Every boutique hotel brand wants a credible link to the local community. It could be the types of clientele you attract that aren’t from out of town (think the Ace New York); it could be the types of linens you use in the rooms; it could be the staff you hire and develop. But all too often these types of initiatives come off as contrived and shallow.

A recent trip to Guatemala unexpectedly introduced me to a hospitality brand that is doing social good in a sincere, very deep way. I had no idea walking into the Good Hotel Antigua; it looked like a solid, serviceable boutique hotel I hastily booked online when I was in town for a wedding. But over the course of a few days, the mission revealed itself to me organically through small and deliberate touch-points.

Good Hotels, aside from the SEO-nightmare of a name, is a series of boutiques (London, Antigua, Guatemala and a pop-up experiment in Amsterdam) focused on detailed community impact. And it isn’t just lip service for PR. All of the staff at the hotel in Guatemala were single mothers from the local community. Proceeds from stays went to educate children in need. The company operates by investing all profits back into its training programs.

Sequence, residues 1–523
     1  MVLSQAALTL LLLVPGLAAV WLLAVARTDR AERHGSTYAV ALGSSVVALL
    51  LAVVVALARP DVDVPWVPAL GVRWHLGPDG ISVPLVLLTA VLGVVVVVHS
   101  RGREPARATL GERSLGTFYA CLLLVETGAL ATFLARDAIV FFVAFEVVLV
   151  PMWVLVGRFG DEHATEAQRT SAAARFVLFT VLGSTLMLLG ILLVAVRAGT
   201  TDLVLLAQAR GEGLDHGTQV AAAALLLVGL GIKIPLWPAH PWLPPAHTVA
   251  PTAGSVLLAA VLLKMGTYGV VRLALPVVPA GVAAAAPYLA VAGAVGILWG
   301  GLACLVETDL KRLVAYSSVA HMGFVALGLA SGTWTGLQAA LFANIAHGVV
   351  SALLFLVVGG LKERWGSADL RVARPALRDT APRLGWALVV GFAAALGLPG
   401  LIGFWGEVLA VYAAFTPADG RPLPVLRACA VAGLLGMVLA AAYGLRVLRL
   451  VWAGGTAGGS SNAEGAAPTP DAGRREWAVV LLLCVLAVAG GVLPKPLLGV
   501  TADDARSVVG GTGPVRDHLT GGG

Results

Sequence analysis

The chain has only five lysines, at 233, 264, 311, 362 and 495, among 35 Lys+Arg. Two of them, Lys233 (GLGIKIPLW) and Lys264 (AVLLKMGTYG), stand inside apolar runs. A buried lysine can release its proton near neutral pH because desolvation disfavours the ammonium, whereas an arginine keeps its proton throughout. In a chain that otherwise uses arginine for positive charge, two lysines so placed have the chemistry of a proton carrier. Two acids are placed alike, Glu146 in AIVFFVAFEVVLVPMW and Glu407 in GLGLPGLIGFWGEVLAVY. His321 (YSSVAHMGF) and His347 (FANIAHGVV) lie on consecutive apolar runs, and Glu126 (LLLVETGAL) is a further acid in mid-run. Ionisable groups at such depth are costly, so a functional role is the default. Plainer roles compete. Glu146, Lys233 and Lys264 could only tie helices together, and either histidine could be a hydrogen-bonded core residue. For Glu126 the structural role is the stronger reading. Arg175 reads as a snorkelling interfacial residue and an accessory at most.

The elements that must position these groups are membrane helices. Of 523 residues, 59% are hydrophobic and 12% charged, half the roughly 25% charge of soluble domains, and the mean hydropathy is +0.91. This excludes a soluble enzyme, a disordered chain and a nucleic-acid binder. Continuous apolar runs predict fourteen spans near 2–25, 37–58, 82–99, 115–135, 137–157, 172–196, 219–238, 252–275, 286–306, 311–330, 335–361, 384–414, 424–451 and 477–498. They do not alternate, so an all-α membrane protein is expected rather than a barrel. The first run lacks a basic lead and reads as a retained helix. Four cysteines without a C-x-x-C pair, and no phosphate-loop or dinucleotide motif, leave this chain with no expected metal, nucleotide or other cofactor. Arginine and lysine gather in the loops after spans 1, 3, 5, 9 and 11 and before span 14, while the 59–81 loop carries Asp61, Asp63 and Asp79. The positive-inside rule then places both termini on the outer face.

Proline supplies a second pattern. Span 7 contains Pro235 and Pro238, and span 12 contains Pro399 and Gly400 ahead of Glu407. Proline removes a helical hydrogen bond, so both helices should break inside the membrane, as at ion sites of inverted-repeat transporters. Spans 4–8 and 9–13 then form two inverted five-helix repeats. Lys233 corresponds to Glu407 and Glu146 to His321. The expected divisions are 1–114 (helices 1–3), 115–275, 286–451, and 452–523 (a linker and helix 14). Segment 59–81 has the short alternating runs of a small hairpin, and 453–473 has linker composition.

The founder, Marten Dresen, a former oil and gas lawyer, had the idea after opening schools via an NGO in Guatemala but realizing that education was nothing if employment prospects locally were grim.

According to the brand, “Each Good Hotel partners with local NGO’s and offers a custom-made training which offers hospitality training to individuals from disadvantaged communities and people with tough backgrounds, helping them to (re-)integrate in the job market…”

During a pop-up year in Amsterdam, they turned 70 long-term unemployed locals who were on welfare into highly trained hospitality workers.

The impact work doesn’t stop there. All ingredients for food, materials, and labor are all locally sourced from small business owners and craftsmen, supporting the communities in which they operate. In the case of Antigua, there were a solid network of experiences out of the hotel that were boosting and supporting the local community. Even small details like the crafts given as small gifts to guests were handmade by local artists.

It’s a concept that struck me as incredibly sincere, at a solid price point, and making super tangible contributions to the local communities in which they operate. Eight further locations are up for development by 2020.

Photo Credit: Promotional image of patrons at the bar at Good Hotel Antigua. Good Group